The transitional cell carcinoma (TCC) is a tumor of the urinary bladder. In dogs, it usually arises in the lower neck of the bladder, where it is virtually impossible to surgically remove, and causes a partial or complete obstruction to urination. The urethra (which carries urine outside the body) is affected in over half the patients diagnosed with transitional cell carcinoma; the prostate gland of male animals may also be involved.

The urinary bladder is lined by transitional cells. They protect the body from the caustic urine inside the bladder and maintain this barrier when the bladder stretches and distends with larger volumes of urine. A transitional cell carcinoma is a tumor of the transitional cell lining of the urinary bladder.
While bladder tumors are somewhat rare as types of cancers in pets, more than half (and possibly up to 70%) of the bladder tumors diagnosed are transitional cell carcinomas.
TCC is more common in females with average age at diagnosis of 11 years of age. Shetland sheepdogs, West Highland White terriers, Beagles, and Scottish terriers seem to be predisposed breeds. Beyond this, specifics remain unknown.
Common clinical signs include bloody urine and straining to urinate.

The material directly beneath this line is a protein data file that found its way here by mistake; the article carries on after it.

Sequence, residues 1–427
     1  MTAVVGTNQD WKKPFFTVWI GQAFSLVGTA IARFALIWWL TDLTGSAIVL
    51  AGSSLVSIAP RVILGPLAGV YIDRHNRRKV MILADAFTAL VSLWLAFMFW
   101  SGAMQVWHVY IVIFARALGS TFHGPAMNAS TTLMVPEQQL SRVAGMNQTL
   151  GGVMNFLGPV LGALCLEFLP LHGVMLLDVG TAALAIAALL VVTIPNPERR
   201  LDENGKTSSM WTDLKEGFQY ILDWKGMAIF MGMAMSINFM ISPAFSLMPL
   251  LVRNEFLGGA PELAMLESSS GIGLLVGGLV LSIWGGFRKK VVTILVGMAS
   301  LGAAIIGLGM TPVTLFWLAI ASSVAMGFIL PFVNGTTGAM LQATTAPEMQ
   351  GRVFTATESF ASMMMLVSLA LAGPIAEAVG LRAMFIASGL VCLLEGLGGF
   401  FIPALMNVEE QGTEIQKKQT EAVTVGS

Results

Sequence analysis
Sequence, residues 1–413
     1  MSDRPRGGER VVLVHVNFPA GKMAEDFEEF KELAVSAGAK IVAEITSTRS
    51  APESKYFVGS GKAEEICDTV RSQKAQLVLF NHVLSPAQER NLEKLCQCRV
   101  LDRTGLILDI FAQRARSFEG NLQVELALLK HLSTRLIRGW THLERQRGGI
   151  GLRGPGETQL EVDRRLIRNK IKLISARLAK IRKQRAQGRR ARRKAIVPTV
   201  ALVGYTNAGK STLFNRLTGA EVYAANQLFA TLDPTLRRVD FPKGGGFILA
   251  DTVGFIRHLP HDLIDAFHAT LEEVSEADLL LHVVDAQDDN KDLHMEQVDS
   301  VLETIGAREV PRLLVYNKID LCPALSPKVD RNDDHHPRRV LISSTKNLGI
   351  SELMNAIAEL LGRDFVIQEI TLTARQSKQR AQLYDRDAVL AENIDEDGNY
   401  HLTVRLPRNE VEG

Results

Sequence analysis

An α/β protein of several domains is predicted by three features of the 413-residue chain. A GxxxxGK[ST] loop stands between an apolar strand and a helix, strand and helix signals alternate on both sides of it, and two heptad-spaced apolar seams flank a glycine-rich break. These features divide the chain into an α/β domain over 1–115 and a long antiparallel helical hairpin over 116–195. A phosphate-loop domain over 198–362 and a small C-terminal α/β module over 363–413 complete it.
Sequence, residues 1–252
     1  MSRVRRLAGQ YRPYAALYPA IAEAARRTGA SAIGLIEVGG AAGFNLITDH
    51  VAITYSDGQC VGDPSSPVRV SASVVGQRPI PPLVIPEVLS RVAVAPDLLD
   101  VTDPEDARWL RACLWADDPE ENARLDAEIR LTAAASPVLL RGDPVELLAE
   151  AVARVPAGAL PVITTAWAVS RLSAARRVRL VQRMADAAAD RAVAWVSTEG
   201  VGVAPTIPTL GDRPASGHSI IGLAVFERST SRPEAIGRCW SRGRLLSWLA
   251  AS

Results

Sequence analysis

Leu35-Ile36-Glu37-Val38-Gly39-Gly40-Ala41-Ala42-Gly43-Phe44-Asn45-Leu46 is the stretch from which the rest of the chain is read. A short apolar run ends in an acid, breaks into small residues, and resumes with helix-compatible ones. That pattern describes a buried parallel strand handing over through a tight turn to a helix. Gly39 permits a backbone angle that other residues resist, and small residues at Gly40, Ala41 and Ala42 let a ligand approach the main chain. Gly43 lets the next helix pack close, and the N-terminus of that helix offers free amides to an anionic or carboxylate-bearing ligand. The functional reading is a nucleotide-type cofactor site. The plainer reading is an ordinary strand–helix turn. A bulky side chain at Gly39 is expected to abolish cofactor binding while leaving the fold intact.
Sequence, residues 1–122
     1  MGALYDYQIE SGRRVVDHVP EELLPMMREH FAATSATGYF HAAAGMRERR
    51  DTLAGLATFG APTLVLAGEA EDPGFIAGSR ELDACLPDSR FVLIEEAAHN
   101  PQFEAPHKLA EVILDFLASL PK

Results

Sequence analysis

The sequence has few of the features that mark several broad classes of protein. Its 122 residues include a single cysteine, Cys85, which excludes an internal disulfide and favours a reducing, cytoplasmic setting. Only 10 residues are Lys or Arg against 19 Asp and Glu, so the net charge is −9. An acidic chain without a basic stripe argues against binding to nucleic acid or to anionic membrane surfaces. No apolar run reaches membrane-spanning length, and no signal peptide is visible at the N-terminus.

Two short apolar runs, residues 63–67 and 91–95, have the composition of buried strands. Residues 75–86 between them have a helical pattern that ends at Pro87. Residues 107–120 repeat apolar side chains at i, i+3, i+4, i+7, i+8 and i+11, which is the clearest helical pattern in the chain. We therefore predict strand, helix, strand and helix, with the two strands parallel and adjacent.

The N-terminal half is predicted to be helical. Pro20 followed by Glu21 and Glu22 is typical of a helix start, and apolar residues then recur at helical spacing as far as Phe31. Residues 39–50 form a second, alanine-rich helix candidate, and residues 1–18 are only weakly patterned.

After other causes of straining to urinate and bloody urine are ruled out. A definitive diagnosis of TCC requires a tissue biopsy. Several other types of growths in the bladder, bladder infection, bladder stones, or bladder inflammation can cause similar symptoms as those in dogs with TCC. Some of these other conditions can also cause "masses" to be seen on radiographs or ultrasound, and these other conditions can cause abnormal cells in the urine, which can be mistaken for TCC. Therefore, the diagnosis of TCC requires a tissue biopsy. This is important because the treatment and prognosis depend entirely on exactly what is wrong with the bladder. A tissue biopsy can be obtained by surgery, cystoscopy (insertion of a fiberoptic scope into the bladder and biopsy through the scope), or in some cases with a urinary catheter.
Transitional cell is aggressively malignant and generally grows in an area not very amenable to surgical removal. For dogs with TCC that has not spread beyond the bladder, surgical excision can be considered depending on location of tumor within the bladder. If surgery is not an option radiation therapy, chemotherapy and oral medications are considered. One of the standard recommendations for dogs with TCC is the use of an oral NSAID, Piroxicam.

Survival is affected by the growth rate of the tumor, the exact location of the tumor within the bladder, and whether the tumor has spread to other organs. The average survival in 55 dogs treated with surgery alone (before drugs that could help were identified) was 3 months days. The median survival in dogs treated with early chemotherapy alone at Purdue University was 4 months. Median survival with Piroxicam treatment in 62 dogs with TCC was 6 months. As mentioned above, approximately 35% of dogs receiving chemotherapy have remission, and the average survival is around 12 months. The survival times in all of these studies, however, varied tremendously from dog to dog.